Given the growing popularity of the Bitcoin Unlimited project, we have decided to create a guide that seeks to provide a basic notion of what Bitcoin Unlimited is and why it was created. To learn more, be sure to visit the official website.
Remember to always examine all sides of any argument, especially the Bitcoin block size debate in which there are many opinions and arguments for and against an immidiate block size limit increase. Examine all options available like Segwit activation, Bitcoin Classic, 8MB Blocks and others.
As a company, CryptoCompare has yet to take a stance on this issue. However, as individuals, our opinions on this subject vary. One thing we can all agree on, however, is that we want to see Bitcoin turn into a widely used mainstream payment system, something that is not possible with the current rules.
What is the Block Size
As you most likely know, Bitcoin is a blockchain-based cryptocurrency. All the transactions that take place within the network are recorded on this blockchain, a public ledger that can be seen by anyone but tampered with by no one. This ledger is made up of blocks that fit together (hence the name, blockchain).
When a user makes a transaction, said transaction is included in the block that is being mined at the time, and will later be confirmed by the blocks that follow it. The more blocks there are on top of your transaction, the safer it is to assume it is immutable.
Transactions, at its most basic level, are made up of data which is usually comprised of the information regarding the transaction itself, the value, who sent it and who’ll receive it. This data, like any other, takes up space on the block it is included.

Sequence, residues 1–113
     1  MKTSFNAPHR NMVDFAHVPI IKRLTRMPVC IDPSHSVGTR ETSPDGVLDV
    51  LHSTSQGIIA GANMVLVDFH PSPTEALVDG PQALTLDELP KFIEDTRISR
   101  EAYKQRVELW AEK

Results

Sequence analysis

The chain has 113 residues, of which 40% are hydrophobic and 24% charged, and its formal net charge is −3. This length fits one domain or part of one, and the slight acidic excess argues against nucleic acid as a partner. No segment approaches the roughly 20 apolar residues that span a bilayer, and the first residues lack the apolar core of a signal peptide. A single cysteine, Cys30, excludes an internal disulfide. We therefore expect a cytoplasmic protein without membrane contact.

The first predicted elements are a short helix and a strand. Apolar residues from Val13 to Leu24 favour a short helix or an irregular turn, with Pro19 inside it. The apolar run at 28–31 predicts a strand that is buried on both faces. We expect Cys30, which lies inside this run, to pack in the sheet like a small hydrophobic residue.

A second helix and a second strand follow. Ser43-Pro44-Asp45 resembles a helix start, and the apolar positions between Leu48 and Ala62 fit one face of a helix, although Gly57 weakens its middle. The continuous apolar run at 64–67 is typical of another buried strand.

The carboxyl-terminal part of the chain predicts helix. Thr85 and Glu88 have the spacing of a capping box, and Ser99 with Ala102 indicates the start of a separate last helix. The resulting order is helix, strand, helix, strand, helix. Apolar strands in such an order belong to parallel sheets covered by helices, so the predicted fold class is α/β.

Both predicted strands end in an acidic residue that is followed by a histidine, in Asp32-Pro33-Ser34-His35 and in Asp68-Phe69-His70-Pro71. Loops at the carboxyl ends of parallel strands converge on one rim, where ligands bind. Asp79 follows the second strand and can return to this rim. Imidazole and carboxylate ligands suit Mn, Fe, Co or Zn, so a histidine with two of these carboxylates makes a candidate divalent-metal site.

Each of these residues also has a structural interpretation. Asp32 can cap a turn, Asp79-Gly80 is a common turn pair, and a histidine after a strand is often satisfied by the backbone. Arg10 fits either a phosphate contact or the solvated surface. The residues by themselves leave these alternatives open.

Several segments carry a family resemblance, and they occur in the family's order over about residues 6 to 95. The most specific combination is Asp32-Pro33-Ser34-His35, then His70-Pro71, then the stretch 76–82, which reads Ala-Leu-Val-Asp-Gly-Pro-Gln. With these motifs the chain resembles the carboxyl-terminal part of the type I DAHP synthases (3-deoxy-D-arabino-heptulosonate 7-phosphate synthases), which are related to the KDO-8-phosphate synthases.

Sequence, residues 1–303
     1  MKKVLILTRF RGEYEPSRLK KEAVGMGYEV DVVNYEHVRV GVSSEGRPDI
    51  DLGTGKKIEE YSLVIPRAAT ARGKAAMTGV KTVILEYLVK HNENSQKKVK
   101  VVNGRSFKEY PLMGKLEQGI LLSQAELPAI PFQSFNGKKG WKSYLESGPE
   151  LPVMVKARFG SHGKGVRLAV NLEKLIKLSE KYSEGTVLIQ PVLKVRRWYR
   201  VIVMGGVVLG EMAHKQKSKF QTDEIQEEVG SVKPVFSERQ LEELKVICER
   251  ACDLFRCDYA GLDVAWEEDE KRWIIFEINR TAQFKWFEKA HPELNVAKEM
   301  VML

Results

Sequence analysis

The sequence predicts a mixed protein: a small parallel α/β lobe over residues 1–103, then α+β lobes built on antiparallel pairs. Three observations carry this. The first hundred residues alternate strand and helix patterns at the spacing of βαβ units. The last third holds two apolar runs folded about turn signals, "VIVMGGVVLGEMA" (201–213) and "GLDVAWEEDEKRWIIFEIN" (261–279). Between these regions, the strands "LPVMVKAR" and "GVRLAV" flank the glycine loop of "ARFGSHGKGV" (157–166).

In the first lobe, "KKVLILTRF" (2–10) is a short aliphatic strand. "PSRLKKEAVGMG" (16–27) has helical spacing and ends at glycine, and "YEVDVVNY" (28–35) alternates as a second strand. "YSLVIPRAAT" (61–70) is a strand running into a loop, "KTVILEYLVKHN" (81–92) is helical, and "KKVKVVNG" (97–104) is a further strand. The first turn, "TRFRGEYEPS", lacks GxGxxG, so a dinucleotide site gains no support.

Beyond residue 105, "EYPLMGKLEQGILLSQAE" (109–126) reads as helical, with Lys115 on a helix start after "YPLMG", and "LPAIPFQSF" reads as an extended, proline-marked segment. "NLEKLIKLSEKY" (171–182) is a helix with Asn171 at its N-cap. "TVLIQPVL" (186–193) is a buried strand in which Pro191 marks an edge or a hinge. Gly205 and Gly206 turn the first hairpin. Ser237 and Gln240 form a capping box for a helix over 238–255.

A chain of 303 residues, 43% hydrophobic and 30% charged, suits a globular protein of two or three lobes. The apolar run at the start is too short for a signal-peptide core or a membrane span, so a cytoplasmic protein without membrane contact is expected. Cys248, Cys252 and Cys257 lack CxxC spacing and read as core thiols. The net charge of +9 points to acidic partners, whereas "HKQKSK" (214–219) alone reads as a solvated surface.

Currently, each block on the Bitcoin blockchain is able to contain 1mb of data, meaning that the block size of bitcoin is 1 megabyte. This means that there is a limit to how many transactions can fit in Bitcoin's blocks, according to the data contained in said transactions.
The blocksize limit has been put in place to prevent a series of attacks that were once possible due to an unlimited block size.
Bitcoin Block Size Issue
If you've been in crypto for a while, you've heard of the the everlasting debate that surrounds the block size issue. This debate has plagued the community for years and it has pretty much torn it apart into two groups: Those in favor of a blocksize increase and those against it. The block size issue is much more than just a curiosity or technicality and it could indeed define the future of Bitcoin as a mainstream currency.
In Bitcoin, there are multiple developer teams that work on advancing what they believe to be the best vision for Bitcoin’s future. These teams create clients (wallets) that can be used to signal a vote regarding several issues and proposals, like the segwit proposal or a block size increase hard-fork.
Currently, the most popular of these clients is, without a doubt, Bitcoin Core. However, other teams are working to push their vision of a better Bitcoin and among these is also Bitcoin Unlimited. While Bitcoin Core is the most popular client, miners have been signaling their approval for Bitcoin Unlimited and it has grown in popularity beyond that of SegWit.
The Bitcoin Unlimited client (wallet) is used to signal support for the activation of the "Emergent Consensus" protocol which is designed to allow a dynamic block size, by taking advantage of Bitcoin's existing consensus mechanism (commonly called Nakamoto Consensus). Nodes can indicate a preference on the block size issue, and direct their node to only relay blocks below their preferred size, thus hampering the distribution of larger blocks across the network. This gives a “voice” to all participants of the network and not just miner